The Lion, The Witch and The Wardrobe


Reviewed by Matt Forrest

Opening Night verdict ⭐️⭐️⭐️⭐️⭐️

In the novel series, A Song of Fire and Ice, it was often said that “Winter is coming”. Well, over in Narnia winter has well and truly arrived and never has it looked so spectacular!

For the holiday season, the Lowry are staging Sally Cookson’s adaptation of C S Lewis’s family favourite, The Lion, the Witch and the Wardrobe which is a visual feast for the eyes.

Sticking relatively close to the source material, this musical production is set during World War Two and follows the evacuation of the Pevensie children: Peter, (Ammar Duffus) Edmund, (Shaka Kalokoh) Susan (Robyn Sinclair) and Lucy (Karise Yansen) from London to Scotland, to the home of the rather odd, but whimsical Professor Kirk (Johnson Willis).

Whilst exploring the house the youngest sibling, Lucy is drawn to the wardrobe where she discovers a gateway to the cold, bleak land of Narnia. There she meets the kindly but scared faun, Mr Tumnus (Jez Unwin). Here Mr Tumnus tells Lucy that Narnia is being held hostage by the White Witch, who has placed the land under a curse destined to experience the harshness of winter forevermore.

Lucy goes back to her family, but none of them believe her. She later returns through the wardrobe followed by Edmund, however Edmund meets with The White Witch (Samantha Womack) who with the temptation of Turkish Delight, decrees that Edmund must bring his brother and sisters to meet her.

Eventually all Pevensie children land in Narnia, where they encounter Mr and Mrs Beever (Sam Buttery and Christina Tedders respectively) as well as a whole host of woodland creatures who are part of the rebellion, battling to end the tyranny of the White Witch and bring about the return of their leader, the lion, Aslan (Chris Jared). With the battle lines drawn it’s time for the children to pick their sides for the ultimate battle of good versus evil.

This is a show packed full of quality with top-end production values which allows the audience to be transported between blitz time Britain and the fantasy world of Narnia. From the fantastic puppetry work of Toby Olié and Max Humphries responsible for the beautiful, graceful, Aslan to the amazing work of Joanna Coe and Susanna Peretz in the costume and make up department who bring the creatures of Narnia to life, from the plucky forest freedom fighters to the haunting, grotesque disciples of The White Witch.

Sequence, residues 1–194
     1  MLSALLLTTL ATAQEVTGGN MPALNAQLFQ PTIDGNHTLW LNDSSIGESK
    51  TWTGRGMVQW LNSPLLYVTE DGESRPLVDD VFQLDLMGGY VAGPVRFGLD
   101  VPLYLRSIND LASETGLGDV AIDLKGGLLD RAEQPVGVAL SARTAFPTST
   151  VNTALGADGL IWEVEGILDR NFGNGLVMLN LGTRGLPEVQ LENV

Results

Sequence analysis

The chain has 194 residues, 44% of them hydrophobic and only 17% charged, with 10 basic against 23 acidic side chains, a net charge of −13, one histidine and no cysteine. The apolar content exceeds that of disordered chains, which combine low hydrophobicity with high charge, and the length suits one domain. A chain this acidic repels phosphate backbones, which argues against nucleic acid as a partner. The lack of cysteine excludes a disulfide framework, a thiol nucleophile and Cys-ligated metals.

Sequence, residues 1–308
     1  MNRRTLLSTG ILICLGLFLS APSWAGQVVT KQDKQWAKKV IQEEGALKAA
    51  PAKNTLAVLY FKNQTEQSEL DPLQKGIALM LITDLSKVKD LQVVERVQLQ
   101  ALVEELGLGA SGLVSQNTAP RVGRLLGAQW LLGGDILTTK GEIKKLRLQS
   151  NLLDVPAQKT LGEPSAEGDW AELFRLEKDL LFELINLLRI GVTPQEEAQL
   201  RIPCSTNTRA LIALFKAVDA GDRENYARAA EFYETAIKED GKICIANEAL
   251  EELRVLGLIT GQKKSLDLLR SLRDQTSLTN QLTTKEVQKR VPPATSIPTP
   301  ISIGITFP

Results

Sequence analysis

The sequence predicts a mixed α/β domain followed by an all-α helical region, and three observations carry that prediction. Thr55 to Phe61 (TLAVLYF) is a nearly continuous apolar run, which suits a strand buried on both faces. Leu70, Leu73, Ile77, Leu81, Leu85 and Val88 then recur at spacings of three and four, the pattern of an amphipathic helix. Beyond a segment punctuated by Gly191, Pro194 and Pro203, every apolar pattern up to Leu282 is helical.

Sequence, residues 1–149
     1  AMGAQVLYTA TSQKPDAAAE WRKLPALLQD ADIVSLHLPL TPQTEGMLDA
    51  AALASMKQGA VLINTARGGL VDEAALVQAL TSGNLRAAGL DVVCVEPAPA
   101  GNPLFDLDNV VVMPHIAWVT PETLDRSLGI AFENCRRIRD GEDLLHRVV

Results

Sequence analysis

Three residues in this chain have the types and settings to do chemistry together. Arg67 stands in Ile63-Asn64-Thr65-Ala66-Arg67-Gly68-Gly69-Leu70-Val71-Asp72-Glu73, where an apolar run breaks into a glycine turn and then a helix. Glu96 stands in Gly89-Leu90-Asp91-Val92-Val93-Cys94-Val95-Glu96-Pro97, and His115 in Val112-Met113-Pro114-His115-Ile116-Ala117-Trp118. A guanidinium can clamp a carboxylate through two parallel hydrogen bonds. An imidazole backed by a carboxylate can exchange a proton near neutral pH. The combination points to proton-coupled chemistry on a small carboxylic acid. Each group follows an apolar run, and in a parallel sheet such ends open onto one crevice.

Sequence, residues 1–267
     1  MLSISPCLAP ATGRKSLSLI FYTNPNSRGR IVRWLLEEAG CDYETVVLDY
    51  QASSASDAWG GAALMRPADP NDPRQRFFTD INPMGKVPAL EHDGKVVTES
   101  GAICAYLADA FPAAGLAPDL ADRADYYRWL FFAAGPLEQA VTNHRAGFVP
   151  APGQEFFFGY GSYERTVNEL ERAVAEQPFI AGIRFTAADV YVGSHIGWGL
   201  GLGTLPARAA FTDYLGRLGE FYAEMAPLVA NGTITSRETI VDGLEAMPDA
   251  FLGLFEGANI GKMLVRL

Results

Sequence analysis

With a production of this scale there are huge expectations of magic, fantasy and huge set pieces which are more than met. The first meeting with The White Witch as she arrives on a huge chariot is excellently executed, as is The White Witch’s elevation to the skies of Narnia covering the stage below with a blanket of snow. These are just two of the numerous awe-inspiring moments.

It’s not just visually where the production excels, Benji Bower and Barnaby Race’s blend of folk and roots compositions work beautifully well, giving the production a human, rustic quality.

In addition there is a superb cast, at first it’s always quite jarring seeing adults playing children, but you soon forget this as we see the four children go from somewhat annoying teenagers to ‘badass’ heroes. Chris Jared, working side-by-side with the puppet incarnation of Aslan, gives the beast an authority and dignity, obviously with Aslan there are comparisons to Christ, but Jared’s lion is more Churchillian, with his roaring battle cry.

With Samantha Womack’s White Witch, we have a cold, icy villain, void of emotion, this along with her movement around the stage seemingly gliding, yet stalking make her a truly memorable villain.

It’s shows like this that make going to the theatre one of the most joyous experiences we can have; The Lion, the Witch and the Wardrobe will captivate and enthral audiences from 9 to 90. I’ve no doubt the film version will be on TV during the festive season but treat yourself to this theatrical production and you won’t be disappointed.